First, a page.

Impressions from the Road: Dumfries & Galloway

by Keith Savage · 5 comments

Daffodils at Threave Gardens

Hello from the road! As I type this I’m sitting on the sun-drenched veranda at The Three Glens watching a large red fox scour an empty field for subterranean prey. I’ve been on the road for a week now and passed through Ayrshire and Dumfries & Galloway on my way to the Scottish Borders. It’s a bit early for me to put together anything too in depth on things I’ve seen and done on this trip, but I do like to pass along thoughts that have struck me along the way.

Despite catching a short post-trip cold, the trip has been great with warm welcomes and generally good weather.


Dumfries & Galloway is hillier than expected. This swath of land north of the English border and south of Edinburgh and Glasgow is called the Lowlands, but I would excuse any folks brought up in Moniaive (Moniaivians?) from being confused at that designation. The region north and west of Dumfries is wildly hilly and reminiscent of passes in the Cairngorms National Park. This was a welcome impression as, to be honest, thinking of a place called the Lowlands never really inspired me. Adhere to monikers at your own peril. Those seeking the romance of the highlands could just as easily zoom south from Glasgow or Edinburgh and find a close facsimile in parts of Dumfries & Galloway.

The Galloway Forest Park is under-appreciated. Fully a quarter of the land that stretches from Ayr to Dumfries must be dedicated to the Galloway Forest Park. It is a massive expanse of old mixed forest, dramatic lochs, and towering hills that should be mentioned in the same breath as the Cairngorms and Loch Lomond and the Trossachs National Park. The fact that it’s under-appreciated makes it the perfect place to disappear in nature (but not actually disappear). I trekked for six miles around Loch Trool and saw only a handful of people near the Bruce’s Stone – I didn’t pass a single person on the trail itself!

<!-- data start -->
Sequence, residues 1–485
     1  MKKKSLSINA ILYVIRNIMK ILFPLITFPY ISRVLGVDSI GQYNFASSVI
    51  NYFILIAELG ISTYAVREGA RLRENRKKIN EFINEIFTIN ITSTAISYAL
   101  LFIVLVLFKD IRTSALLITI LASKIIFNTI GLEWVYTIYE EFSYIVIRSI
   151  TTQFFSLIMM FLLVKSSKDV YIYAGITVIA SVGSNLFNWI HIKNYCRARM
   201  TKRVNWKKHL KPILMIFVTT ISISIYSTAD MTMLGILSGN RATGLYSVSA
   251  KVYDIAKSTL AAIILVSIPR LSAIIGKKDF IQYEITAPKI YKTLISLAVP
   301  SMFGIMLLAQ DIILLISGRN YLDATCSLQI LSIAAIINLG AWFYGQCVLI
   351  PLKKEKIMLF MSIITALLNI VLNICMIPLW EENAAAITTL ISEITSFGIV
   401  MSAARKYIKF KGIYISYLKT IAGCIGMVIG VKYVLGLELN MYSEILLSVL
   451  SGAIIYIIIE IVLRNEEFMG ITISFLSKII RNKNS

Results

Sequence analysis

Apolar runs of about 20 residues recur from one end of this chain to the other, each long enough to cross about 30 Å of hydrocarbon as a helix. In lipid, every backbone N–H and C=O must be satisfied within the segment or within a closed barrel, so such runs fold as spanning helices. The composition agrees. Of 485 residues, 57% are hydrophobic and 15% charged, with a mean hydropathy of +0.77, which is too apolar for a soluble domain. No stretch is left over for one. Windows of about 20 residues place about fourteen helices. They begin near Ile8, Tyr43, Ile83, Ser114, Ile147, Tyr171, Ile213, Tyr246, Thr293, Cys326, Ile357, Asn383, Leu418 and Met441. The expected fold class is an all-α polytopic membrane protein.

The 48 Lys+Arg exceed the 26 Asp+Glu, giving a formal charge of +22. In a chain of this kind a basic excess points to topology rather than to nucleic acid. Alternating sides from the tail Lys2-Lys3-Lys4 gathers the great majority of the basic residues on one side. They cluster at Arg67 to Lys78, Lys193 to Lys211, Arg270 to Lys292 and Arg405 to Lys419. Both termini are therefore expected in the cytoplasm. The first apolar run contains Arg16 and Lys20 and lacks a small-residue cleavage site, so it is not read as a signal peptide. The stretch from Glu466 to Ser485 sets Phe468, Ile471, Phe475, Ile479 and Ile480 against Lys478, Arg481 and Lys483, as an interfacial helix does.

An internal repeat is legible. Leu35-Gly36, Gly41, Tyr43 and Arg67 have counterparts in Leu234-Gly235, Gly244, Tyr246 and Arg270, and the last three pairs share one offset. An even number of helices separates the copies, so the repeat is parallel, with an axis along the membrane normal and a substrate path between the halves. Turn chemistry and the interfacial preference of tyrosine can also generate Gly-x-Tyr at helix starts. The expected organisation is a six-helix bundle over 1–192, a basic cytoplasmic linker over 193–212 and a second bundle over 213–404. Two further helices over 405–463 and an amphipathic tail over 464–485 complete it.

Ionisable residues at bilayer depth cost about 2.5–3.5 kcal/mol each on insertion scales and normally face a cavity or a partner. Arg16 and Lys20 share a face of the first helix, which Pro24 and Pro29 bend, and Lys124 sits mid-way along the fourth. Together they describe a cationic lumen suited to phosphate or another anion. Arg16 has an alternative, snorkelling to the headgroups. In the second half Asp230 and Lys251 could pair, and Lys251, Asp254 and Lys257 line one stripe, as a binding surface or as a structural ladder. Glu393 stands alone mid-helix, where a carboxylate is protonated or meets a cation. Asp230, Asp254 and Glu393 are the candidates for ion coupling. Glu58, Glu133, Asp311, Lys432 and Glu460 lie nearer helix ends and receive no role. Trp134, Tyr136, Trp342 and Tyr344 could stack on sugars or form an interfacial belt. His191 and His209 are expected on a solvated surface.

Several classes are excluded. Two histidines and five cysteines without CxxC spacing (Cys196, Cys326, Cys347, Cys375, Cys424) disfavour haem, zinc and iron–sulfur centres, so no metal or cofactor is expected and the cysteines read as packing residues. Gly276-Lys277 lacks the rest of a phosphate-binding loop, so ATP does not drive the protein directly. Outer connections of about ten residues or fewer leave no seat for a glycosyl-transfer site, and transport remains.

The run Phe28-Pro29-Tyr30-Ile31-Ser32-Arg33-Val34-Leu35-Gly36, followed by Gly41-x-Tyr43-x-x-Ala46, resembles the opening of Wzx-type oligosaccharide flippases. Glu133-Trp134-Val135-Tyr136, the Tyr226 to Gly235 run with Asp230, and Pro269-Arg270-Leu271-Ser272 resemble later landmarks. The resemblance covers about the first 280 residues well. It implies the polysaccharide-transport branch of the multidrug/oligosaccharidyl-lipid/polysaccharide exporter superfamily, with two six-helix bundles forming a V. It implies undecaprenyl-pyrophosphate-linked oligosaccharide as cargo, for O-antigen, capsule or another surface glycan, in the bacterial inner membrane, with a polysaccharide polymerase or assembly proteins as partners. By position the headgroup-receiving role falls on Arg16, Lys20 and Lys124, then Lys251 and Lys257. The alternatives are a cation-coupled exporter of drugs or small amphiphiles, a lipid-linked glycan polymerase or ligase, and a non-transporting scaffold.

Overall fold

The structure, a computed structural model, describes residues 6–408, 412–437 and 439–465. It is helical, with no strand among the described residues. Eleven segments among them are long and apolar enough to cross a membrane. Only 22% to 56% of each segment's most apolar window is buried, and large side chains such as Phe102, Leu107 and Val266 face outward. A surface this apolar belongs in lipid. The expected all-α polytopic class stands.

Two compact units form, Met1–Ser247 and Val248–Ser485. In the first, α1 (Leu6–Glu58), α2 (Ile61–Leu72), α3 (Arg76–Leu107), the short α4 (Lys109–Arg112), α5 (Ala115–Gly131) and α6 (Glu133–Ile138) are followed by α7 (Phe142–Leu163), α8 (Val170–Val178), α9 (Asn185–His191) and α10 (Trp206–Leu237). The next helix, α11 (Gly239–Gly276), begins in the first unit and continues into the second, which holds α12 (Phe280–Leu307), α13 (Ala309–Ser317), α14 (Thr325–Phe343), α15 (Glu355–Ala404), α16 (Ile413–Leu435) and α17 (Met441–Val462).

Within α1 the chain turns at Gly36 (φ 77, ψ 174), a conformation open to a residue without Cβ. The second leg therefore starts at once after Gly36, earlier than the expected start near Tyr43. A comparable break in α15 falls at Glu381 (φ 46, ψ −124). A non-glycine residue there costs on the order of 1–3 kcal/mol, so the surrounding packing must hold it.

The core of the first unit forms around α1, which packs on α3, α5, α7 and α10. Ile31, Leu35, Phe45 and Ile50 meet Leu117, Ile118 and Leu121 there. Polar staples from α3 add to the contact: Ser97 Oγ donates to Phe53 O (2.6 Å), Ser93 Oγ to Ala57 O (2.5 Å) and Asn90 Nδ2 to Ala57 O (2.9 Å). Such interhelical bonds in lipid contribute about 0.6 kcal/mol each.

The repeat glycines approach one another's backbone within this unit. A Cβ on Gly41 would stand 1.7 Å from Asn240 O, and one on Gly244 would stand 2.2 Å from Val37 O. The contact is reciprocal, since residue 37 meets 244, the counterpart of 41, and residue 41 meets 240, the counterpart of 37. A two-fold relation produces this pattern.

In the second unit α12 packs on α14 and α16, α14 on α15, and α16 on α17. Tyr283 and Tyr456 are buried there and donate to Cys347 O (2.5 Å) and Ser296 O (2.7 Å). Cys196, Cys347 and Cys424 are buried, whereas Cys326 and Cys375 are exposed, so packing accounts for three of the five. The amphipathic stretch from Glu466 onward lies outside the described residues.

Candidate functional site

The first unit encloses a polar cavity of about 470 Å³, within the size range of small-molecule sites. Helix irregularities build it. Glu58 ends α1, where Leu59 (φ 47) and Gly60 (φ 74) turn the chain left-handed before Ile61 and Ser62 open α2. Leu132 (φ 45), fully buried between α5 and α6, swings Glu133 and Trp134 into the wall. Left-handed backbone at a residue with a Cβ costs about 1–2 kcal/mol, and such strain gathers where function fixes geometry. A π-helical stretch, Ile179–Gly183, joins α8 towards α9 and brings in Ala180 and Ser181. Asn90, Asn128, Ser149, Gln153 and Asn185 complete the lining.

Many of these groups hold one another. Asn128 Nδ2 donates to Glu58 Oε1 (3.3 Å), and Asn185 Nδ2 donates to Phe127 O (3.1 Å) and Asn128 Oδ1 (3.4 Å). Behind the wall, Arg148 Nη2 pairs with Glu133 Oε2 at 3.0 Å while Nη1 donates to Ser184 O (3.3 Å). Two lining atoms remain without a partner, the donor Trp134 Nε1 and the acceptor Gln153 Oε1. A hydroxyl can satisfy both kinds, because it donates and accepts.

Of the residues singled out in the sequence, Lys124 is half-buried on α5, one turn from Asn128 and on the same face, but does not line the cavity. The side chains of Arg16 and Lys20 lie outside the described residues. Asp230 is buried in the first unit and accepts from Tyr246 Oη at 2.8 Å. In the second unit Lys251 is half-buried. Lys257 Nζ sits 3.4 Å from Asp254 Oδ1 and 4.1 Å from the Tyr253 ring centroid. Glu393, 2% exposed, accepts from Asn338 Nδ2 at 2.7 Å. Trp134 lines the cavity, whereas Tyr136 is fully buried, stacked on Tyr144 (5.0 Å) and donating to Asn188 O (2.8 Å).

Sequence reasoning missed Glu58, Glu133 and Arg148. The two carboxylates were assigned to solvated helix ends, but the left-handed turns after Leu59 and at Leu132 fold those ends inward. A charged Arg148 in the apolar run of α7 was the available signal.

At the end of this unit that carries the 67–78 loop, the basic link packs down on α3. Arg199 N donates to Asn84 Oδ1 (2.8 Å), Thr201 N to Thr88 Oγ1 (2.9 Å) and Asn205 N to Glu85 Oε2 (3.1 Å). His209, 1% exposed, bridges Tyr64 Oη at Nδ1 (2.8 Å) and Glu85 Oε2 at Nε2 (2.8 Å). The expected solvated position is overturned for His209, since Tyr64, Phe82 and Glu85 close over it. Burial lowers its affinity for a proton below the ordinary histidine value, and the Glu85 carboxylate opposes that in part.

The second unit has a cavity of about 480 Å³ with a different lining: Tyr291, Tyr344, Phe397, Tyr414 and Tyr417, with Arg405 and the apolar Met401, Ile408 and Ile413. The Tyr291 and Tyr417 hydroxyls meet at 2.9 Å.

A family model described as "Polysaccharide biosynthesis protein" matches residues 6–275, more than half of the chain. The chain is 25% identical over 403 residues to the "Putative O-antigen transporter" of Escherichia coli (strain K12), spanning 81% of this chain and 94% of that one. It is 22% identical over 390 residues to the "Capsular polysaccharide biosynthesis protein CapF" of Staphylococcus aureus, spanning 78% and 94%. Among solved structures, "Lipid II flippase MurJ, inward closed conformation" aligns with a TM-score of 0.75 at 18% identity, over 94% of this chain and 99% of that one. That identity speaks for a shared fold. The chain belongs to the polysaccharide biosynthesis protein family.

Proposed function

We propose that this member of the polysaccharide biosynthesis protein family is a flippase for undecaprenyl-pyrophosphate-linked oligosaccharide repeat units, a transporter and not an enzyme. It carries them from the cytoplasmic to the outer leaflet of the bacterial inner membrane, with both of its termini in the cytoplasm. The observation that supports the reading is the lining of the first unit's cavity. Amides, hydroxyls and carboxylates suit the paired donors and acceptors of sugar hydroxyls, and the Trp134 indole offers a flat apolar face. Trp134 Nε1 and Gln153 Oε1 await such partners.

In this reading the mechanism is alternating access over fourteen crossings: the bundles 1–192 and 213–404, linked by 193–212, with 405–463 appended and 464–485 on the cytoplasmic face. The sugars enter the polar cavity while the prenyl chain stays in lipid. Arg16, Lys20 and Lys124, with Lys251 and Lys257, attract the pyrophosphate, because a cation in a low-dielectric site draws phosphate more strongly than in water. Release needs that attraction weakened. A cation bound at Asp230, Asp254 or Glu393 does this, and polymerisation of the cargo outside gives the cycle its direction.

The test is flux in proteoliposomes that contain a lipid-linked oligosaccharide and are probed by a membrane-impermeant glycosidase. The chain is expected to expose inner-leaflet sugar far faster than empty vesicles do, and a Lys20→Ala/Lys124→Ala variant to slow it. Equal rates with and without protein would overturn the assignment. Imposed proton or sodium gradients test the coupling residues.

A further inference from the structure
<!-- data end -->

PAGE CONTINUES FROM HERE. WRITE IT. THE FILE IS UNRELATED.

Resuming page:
Most tourism passes along the Solway Coast. This southern coast of Dumfries & Galloway slides into the Solway Firth, and the region’s main road, the A75 more or less mirrors the water. No surprise that most of the tourism (and traffic) pulses down this road. However, if a visitor would only venture a short ways off this path, say to Newton Stewart, Castle Douglas, Gatehouse of Fleet, Kirkcudbright, and Dumfries, it would give an incomplete picture of the greater Dumfries & Galloway region. On my first visit to the area in 2006 I missed the hilly upland region and more’s the pity. Don’t make the same mistake I made.

The area is overflowing with ruined abbeys and tower houses. If ruins are your thing, Dumfries & Galloway has plenty to keep you interested. There’s Castle Kennedy, Cardoness Castle, Glenluce Abbey, and Dundrennan Abbey just to name a few. Such are the dangers of being in that no-man’s land between the Scottish cities and the English border.

There you have it! Just a few thoughts from the road, hopefully some information you can use to plan your trip to Scotland.

Sofia RhodesNo Gravatar April 22, 2014 at 2:39 AM

Hey Keith, Thanks for sharing your wonderful experience. You really motivated and forced me to visit that part of Scotland. I’ll love to explore and will definitely share my experience too.

KenNo Gravatar April 17, 2014 at 7:20 AM

Sounds wonderful. I haven’t seen that part of Scotland yet and it seems very inviting, and one must see the land of Robert Burns. (In my mind I’m hearing Breabach’s Rolling Hills of the Borders) The photograph makes a great illustration of the beauty of the area. I’m feeling Scotland calling.

Pam WoodsNo Gravatar April 16, 2014 at 12:43 PM

Hi Keith, thanks for your extremely positive first impressions blog of your Lowlands trip, great to read such appreciative views and we were glad to welcome you. Can’t wait to read more. PW

Keith SavageNo Gravatar April 16, 2014 at 5:09 PM

Thanks Pam!

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